14th Edition Of The Headies: A Critical Review

On February 21, 2021, the 14th edition of Nigeria’s premier music award, The Headies was held via virtual and live means due to COVID-19 restrictions.
The glitz collided with the glamour; foundation swallowed eyelashes, face masks disrupted identification and the sense of style of new-age Nigerian artists was caught in-between wannabe streetwear of the homeless and taking excessive liberty with athleisure.
Y’all should know when to stop; branding starts with simple decisions and a sense of occasion. Also importantly, ‘vibe’ must be sorry that it ever came out of Fresh L’s tweet in Q1 2020 because it must have been said more than 78 million times.
Some performances on the night had been pre-recorded and the live event – which featured nominees – was held at Eko Hotels and Suites, Victoria Island, Lagos. The red carpet began at 5pm while the main event commenced around 9:50 pm and the year-in-review was between July 2019 and September 2020.
This event is the 14th edition of an award heralded by Ayo Animashaun and his company, HipHop World. As much as people who struggle to maintain a consistent run for one year due to dwindling clout like slagging HipHop World, the company deserves some props for even running a show for 14 years, albeit with sizable hiccups.
For comparison; in 13 years, the MTV Africa Music Awards has only been held six times. This year, they made the mistake of aligning with Uganda, only for the ghosts of Museveni’s atrocities to come out screaming with Sango’s battle axe.
Before the event, Hip-Hop World tried to salvage the reputation of the Headies Award by interfacing with artists and creating an artist relation program. The nominations for the show were also inclusive, but familiar problems – some on worse scales – still plagued the Headies.
Red carpet
The hosts of the red carpet were awfully ignorant about the Nigerian music industry.
One of them said “This dude” to describe DRB Lasgidi while the other butchered Moelogo’s name with a blunt machete from a slaughterhouse in Cadiz. Nonetheless, they can be forgiven for the incoherence because the picture quality and the sound – midway through the red carpet – were severely obstructed by a nearby band, or whatever that was.
Bad Production: We dey explore, no worry
Whatever is worth an attempt at all is worth execution with aplomb. For the glitz and glamour around the biggest night in Nigerian music, the execution of the show left much to be desired.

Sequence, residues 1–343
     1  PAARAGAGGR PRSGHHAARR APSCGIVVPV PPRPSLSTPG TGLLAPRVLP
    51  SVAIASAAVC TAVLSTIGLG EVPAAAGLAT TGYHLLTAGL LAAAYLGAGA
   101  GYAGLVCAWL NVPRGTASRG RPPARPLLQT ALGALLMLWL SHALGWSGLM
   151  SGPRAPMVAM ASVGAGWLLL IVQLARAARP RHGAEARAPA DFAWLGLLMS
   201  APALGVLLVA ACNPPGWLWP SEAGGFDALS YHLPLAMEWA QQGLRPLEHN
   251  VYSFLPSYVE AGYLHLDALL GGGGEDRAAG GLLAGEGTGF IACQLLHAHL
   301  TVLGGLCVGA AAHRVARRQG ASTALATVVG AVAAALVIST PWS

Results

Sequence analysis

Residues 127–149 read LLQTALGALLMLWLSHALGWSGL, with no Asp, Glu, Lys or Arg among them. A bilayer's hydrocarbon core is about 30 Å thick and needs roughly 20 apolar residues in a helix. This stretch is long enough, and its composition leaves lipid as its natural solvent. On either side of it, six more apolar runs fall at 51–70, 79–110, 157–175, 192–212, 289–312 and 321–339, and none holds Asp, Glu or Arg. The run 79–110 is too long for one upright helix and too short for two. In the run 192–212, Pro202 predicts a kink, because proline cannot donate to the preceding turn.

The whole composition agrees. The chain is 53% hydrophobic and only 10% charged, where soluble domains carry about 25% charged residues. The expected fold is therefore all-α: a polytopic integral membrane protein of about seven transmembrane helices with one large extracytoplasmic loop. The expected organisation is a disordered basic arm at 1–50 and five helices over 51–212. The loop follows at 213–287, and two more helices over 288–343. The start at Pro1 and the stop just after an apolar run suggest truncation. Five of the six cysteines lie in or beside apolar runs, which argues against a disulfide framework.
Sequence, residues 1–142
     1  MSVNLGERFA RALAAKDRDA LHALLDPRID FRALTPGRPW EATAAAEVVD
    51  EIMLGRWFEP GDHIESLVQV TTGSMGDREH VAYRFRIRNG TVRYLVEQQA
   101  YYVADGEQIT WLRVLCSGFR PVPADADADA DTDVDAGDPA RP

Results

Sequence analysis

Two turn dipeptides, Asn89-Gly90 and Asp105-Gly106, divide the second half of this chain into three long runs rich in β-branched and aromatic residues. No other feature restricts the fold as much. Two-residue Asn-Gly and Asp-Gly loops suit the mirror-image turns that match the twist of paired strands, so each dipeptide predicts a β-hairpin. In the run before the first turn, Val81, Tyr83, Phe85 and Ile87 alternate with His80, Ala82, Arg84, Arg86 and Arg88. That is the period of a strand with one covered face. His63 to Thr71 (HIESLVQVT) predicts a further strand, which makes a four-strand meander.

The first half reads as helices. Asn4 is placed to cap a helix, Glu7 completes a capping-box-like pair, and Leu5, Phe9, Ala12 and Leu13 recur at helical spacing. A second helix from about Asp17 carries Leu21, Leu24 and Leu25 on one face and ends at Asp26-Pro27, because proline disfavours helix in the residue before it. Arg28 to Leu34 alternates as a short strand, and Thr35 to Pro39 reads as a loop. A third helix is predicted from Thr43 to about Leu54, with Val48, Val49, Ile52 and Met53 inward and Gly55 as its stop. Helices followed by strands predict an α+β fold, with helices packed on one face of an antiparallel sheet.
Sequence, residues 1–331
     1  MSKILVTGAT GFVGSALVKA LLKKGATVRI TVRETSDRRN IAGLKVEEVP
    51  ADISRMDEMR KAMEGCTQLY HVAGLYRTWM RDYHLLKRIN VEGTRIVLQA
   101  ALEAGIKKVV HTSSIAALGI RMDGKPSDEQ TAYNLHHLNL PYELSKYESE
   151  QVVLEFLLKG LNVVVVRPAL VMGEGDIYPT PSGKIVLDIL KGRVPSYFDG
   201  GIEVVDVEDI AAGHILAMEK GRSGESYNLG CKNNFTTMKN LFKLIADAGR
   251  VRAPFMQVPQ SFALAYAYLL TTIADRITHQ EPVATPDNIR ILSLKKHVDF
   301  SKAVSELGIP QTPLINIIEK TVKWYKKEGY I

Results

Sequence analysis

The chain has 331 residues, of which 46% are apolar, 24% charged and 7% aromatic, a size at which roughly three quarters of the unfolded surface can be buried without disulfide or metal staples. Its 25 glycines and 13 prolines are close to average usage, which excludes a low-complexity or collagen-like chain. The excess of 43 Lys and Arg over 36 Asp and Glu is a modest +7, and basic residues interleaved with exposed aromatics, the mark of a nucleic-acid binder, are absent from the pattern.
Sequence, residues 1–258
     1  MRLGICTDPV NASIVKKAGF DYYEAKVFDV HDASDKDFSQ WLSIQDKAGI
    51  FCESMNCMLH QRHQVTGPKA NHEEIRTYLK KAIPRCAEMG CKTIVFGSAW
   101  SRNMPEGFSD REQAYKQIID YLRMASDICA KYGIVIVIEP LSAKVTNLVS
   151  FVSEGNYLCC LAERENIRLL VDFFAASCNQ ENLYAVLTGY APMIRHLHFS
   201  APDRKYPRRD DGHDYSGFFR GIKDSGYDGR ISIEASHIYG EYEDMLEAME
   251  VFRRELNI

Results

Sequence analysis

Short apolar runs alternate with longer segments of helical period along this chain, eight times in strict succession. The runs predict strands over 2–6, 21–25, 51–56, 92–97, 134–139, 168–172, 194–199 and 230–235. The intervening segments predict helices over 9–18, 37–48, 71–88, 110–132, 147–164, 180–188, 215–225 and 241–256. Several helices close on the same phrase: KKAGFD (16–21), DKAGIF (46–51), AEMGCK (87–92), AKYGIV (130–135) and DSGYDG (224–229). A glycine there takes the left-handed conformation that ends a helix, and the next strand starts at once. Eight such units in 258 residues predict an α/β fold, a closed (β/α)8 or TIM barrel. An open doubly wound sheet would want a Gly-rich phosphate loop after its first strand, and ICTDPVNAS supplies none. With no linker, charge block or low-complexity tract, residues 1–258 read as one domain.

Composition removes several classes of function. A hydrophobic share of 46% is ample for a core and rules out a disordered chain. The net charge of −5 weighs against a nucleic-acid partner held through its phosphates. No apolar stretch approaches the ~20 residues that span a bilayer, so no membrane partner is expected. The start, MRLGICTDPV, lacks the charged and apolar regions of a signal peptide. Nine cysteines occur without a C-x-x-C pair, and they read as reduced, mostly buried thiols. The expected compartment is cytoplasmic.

The Headies deserve sympathy for being in uncharted waters as they are forced to hold virtual events, but better planning could have saved this show. They production of this show was simply irresponsible, haphazard and unprofessional. If we have sympathy for you, and we keep giving you our time, you owe us a great show and great decisions.
A lot of Nigerian platforms have held successful virtual events with no hiccups, all it took was planning.
When the night finally looked to have stabilized, the virtual show was late and we could hear background conversations from Bovi, Nancy Isime and others backstage. We even heard Bovi say, “We go tell them, everybody go ginger…” just after a lady complained that the microphone wasn’t working.
How was nobody in the building aware that their chatter was being heard by the audience. Come on! They then wasted over 30 minutes more on ads on explore ads. Wait, na by force to explore? With the amount of time members of the audience heard, “14th Headies, it’s time to explore.”
Harrison Ford as Indiana Jones
Harrison Ford as Indiana Jones
Explore what exactly; how to become Indiana Jones? After over 40 minutes, a show that was meant to commence at 8 pm finally got underway. Then, the sound got bad – Stonebwoy’s performance was slower than the audio and J’Dess’ performance needed the microphone to be louder.
Alas, they wanted her to remain like the Asian girl from Pitch Perfect. As if that and the roughly executed ad breaks weren’t enough, the 14th Headies experienced the greatest faux-pas of all; broadcast on their HipTV and their livestream on Instagram and YouTube totally went off.
Fans had to visit Mhrelax’s page to continue the show. Unfortunately, Mhrelax was too preoccupied with celebrating his views and likes rather than actually focusing on capturing the video, for which he’s getting hailed.
Still, their Instagram and Twitter pages could not even salvage the situation with updates, either because the operators of those social channels aren’t even at the venue or because HipHop World likes leaving the broadcast of content for visual channels. Either way, the decision backfired badly.
At the end of the day, the Headies must still accept some praise for the pre-recorded performances of Stonebwoy and Master KG.
Political Moments
19 years ago, Eedris Abdulkareem released his debut album. By his sophomore and third album, his music became more political. His third album is titled, Jaga Jaga, an onomatopoeic expression about the scattered state of Nigeria. 16 years later, we are still here, maybe even worse than we’ve ever been.
Just like then President, Olusegun Obasanjo tried to prevent Abdulkareem from speaking about the hideous state of Nigeria, the Muhammadu Buhari-led administration continued to enjoy its oppression of Nigerian youths. It was nice to see him win Special Recognition.